Wednesday, April 1, 2009

Civil Thoughts on the Civil War

Here is another suggestion for your "Books I Need to Read to my Kid" list.  In her Newberry Medal Honor book, Across Five Aprils, Irene Hunt chronicles the life of a family living in Southern Illinois during the Civil War.  Jethro, the youngest child of the Creighton family, is too young to go fight.  After his older brothers leave to become soldiers, he is forced to handle the responsibilities of the farm.  Living in a Union state geographically close to Confederate states, the Creighton family is divided by the convictions of one son who decides to fight in a grey uniform while the rest of the family allegiances lie with Old Abe and the North.  Jethro has to bear the physical and emotional burdens of living as a child during a horrific war.

This piece of juvenile fiction teaches history through telling a story.  The major battles of the war are accurately explained as the Creighton family hears about them in the newspaper.  The reader feels the tenseness of the political climate as the townsfolk debate the issues.  Hunt's descriptions of the soldiers' feelings after battles are startling in an age-appropriate way.  This is accomplished when Jethro encounters a deserter and has to face the moral dilemma of helping him or following the law.  His solution is delightful.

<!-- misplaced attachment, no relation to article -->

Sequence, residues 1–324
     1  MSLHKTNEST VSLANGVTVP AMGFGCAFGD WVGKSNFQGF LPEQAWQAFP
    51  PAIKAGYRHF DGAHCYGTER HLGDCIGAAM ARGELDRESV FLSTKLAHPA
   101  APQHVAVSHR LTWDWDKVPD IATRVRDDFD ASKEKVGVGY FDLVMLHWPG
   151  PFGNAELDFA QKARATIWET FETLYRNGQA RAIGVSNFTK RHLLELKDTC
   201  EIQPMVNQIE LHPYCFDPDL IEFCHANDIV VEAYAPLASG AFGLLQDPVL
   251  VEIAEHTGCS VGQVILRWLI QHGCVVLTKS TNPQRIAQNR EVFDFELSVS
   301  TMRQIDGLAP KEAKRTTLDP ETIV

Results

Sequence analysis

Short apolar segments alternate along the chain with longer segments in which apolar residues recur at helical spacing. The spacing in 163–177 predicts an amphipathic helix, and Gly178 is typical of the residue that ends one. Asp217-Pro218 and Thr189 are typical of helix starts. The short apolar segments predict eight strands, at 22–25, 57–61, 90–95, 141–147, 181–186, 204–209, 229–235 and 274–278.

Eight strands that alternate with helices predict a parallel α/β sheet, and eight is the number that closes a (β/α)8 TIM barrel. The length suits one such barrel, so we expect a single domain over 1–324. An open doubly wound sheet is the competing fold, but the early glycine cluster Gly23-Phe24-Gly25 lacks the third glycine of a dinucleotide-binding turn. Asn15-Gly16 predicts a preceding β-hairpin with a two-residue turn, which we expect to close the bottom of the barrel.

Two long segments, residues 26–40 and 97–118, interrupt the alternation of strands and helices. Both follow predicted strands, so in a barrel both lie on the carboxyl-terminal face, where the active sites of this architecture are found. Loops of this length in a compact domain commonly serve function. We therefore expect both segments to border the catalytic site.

The other piece of this history that is so well explained is how, while the supporters of the North wanted peace, they were significantly concerned about how the country was going to function at the conclusion of the war.  Hunt portrays their hope as centered on Lincoln, and she beautifully describes the grief that ensued when that hope could be no more.  Such descriptions are not the way of the average American history text book.  Neither are thoughts like these:

"When one found comfort, he was grateful, but he was never such a fool as to expect a great deal of it.  The hardships one endured had a purpose; his mother had been careful to make him aware of that." - p. 53, Across Five Aprils


  1. Historical fiction does seem to make the subject at hand so accessible. One of my favorite books growing up was "The Drinking Gourd: A Story of the Underground Railroad," by FN Monjo. (It was probably one of the most formative books of my younger years.)

  2. Rebekah-

    I just read The Drinking Gourd to Copleigh TODAY! How funny. She loved it!


  3. I'll have to look for that book. The boys learned the folk song "Follow the Drinking Gourd" last term.

  4. Just started rereading Across Five Aprils. And started the one we discussed the other day, Forty Acres and Maybe a Mule. The older boys are reading it, too -- it will be interesting to hear their impressions.